ASIMOV’S SCIENCE FICTION #540/541 (January/February 2021) Edited by Sheila Williams


Though there are a couple/few stories in this issue that I didn’t care much for, the vast majority were really excellent. A great start to 2021 for Asimov’s.

“A Rocket for Dimitrios” by Ray Nayler — Increasingly liking the fiction from Nayler and his translations, and this alternate history is no different. A follow up to his previous story “The Disintegration Loops”, the foundation for this alternate world is the discovery of alien technology in the early 1930s and its implementation in US over the ensuing three decades. The alien tech provides amazing things, but humanity still has a poor grasp on how any of it works. The technological advancements have also brought heightened paranoia and authoritarianism to the US under seven-termed (if I recall correctly) President FDR. Standing against the patriarchal US government and the directions it continues to follow are a group of women, including Eleanor Roosevelt and Hedy Lamarr. So, I still haven’t mentioned the actual plot to this story, but honestly its a MacGuffin to explore some great themes and characters in this altverse.

“The Realms of Water” by Robert Reed — Falls into the category of SF writer of a certain age becoming enamored with European history (Roman) and transposing some part of that into SF/Fantasy retelling. This unfortunately seems to happen a lot. The very prolific Reed always writes well. But this was just not a story I found interesting, and it took up way too much space in this issue. On the other hand, at least he didn’t go the alternate history route.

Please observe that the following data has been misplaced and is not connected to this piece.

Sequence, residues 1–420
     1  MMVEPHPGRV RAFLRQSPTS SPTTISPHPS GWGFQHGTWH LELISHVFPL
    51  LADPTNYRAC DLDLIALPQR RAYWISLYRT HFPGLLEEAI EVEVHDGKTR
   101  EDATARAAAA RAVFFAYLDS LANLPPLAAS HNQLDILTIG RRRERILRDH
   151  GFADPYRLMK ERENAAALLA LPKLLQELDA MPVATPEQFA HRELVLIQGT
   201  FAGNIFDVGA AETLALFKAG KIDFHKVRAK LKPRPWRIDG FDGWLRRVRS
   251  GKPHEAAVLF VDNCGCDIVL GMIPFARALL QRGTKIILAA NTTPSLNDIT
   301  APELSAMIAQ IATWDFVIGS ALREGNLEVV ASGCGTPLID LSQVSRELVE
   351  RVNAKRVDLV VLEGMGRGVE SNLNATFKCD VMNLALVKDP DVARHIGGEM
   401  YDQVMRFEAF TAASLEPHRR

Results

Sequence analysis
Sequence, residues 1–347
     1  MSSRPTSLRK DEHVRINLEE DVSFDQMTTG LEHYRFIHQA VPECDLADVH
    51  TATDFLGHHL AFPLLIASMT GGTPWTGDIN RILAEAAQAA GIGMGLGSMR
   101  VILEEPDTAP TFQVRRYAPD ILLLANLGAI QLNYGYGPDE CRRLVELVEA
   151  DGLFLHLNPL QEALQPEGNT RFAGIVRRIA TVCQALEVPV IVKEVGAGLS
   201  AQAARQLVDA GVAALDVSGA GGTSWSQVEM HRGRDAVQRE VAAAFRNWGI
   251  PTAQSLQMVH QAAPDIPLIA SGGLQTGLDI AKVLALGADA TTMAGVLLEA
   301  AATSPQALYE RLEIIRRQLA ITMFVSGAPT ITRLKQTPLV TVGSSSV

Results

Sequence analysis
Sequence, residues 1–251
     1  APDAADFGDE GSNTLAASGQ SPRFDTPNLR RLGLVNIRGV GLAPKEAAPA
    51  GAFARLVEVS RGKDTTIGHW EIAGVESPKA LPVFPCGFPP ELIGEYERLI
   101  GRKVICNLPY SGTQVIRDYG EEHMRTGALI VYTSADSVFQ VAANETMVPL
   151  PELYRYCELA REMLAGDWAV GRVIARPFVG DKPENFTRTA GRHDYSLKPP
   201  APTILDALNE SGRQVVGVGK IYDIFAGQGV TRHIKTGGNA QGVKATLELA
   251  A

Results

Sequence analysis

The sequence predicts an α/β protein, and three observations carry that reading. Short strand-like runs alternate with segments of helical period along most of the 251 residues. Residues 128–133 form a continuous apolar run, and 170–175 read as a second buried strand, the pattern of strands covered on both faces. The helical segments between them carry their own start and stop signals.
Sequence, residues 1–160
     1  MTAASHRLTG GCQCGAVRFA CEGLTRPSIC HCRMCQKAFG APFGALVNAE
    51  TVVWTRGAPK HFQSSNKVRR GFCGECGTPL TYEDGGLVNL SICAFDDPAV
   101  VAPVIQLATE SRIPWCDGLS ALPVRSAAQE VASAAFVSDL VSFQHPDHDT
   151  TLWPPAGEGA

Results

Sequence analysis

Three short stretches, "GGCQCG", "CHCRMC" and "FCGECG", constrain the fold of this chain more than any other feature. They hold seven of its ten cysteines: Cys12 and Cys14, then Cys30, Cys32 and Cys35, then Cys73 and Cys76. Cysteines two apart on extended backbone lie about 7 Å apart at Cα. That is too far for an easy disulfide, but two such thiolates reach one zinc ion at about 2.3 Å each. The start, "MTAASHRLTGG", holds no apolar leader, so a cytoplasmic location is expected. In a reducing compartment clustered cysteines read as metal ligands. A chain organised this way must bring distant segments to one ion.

“No Stone Unturned” by Nick Wolven — An exploration of the possible effects that teleportation technology might have on humans, this is top notch SF with both speculative elements, a good dose of science and a human element at its heart. A man becomes concerned about his wife who has been part of a program testing transporter technology. She seems more distant, and forgetful of their child. But, is this an effect of the transporter process as one conspiracy guru claims, or is there something more basic and ageless going on here? Highly recommended.

“Table Etiquette for Diplomatic Personnel, in Seventeen Scenes” by Suzanne Palmer — A murder aboard a human alliance space station with several visiting alien species has possible connection to an old conflict between two groups, and the cuisine selections that must be diplomatically selected/prepared to avoid insulting – or poisoning – any species. Fun, and slyly written, any Trek fan should enjoy this as well.

“Hunches” by Kristine Kathryn Rusch — An engineer on the bridge of a starship is saved from horrible death by going with gut and donning a pressure suit just before sudden crisis unfolds. With nothing transpiring as it should, the disoriented engineer continues to use his hunches to save the ship and surviving crew. A more contained and limited story than I’m used to seeing from Rusch. It is by no means bad, but I also didn’t find it that striking or perceptive.